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Joe Barton: Third Time’s a Charm?

There seems to be a pattern in the Texas GOP Congressional delegation
by Published on

I really can’t name that many U.S. Representatives off the top of my head. The Texas delegation, yes, but I need Google to list you some Montana or Nebraska reps. If you’re not a major player (ie John Boehner or Nancy Pelosi or hell, John Dingell) or a Texas rep, I just can’t keep it in my head.

Luckily for Texas, however, I think most Americans will soon be able to name quite a few of our guys. After all, they’re always making national headlines. In fact, in terms of anti-administration sentiment, they’re second only to that guy who said “You lie!” (See? Still can’t remember the name.)

First came Louie Gohmert in September. Unlike Joe Wilson (thanks internet), the South Carolina rep who screamed “You lie!” while the president addressed a joint session of Congress, Gohmert took a more low-key approach: he held a homemade sign saying “What Bill?” Since he stayed quiet, the incident had a bit of homespun appeal. Nothing too fancy or outrageous for our own Mr. Gohmert. (Except when he talks about gays in the military, that is.) And since Wilson shouted, Gohmert certainly seemed to be the cool-headed Obama protester.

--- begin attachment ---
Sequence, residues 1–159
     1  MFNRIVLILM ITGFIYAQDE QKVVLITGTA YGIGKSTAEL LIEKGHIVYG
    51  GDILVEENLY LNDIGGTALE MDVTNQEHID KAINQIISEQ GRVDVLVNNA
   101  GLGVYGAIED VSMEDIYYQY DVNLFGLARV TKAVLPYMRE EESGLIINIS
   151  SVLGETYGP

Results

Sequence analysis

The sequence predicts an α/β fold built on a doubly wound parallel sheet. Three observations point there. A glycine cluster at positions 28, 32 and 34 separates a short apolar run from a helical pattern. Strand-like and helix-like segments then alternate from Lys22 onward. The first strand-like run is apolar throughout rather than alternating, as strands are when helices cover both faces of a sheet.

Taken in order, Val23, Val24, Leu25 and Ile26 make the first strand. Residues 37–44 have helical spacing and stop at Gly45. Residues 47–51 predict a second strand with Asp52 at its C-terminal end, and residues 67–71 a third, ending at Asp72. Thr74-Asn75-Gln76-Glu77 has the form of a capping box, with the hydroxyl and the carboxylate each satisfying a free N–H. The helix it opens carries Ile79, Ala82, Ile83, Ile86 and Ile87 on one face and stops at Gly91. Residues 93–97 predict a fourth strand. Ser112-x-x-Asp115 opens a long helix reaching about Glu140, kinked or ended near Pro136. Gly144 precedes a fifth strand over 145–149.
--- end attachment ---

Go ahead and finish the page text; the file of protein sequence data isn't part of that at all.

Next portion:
Well, that was it. The moment of fame for our Republican delegation. Oh! Wait. That’s right.

A few months later, March rolls around. And it turns out the Dems had a “plan” and a “bill” and Rep. Bart Stupak of Michigan was going to step aside and let the bill pass, despite his concerns about whether it might fund abortions. (Incidentally, Stupak’s a perfect example. Tell me you’d heard of him before the healthcare debacle.) Stupak gets up to speak to the House in favor of the bill and good old Texas Rep. Randy Neugebauer decides to shout “Baby Killer” at the Michigander. Well, he says he shouted “It’s a baby killer!” But more to the point, he ensured, at least for the next week, that people would actually bother to learn how to pronounce his last name.

Nawg-eh-bower.

Okay. Well the healthcare debate in the House is over (for now) and these Texans can fade into the woodwork or plaster or whatever the US Capitol walls are made of. Business as usual.

HA! Fooled you!

We’ve got one more trick up our sleeve. Today, as the BP execs came to make promises and say sorry to the House, Rep. Joe Barton saw one more chance. As BP CEO Tony Hayward discussed the new, $20 billion fund for victims of the catastrophic spill, Joe Barton offered something that was surely unexpected—his own apology.

“I apologize,” he said. “I do not want to live in a country where anytime a citizen or a corporation does something that is legitimately wrong is subject to some sort of political pressure, that is again, in my words, amounts to a shakedown.”

The crowd didn’t exactly go wild. In fact, the House GOP leadership offered a statement that “Congressman Barton’s statements this morning were wrong.” Soon after, Barton not only offered his own apology but said he would “retract my apology to BP.” (I know that trick! I used to do that to my little sister when my parents made us “makeup” after a fight.)

Well luckily we’re back in the national press. Soon, everyone will know the Texas congressmen better than their own. But if we’re gonna keep this up, let’s hope Ralph Hall has some tricks up his sleeve.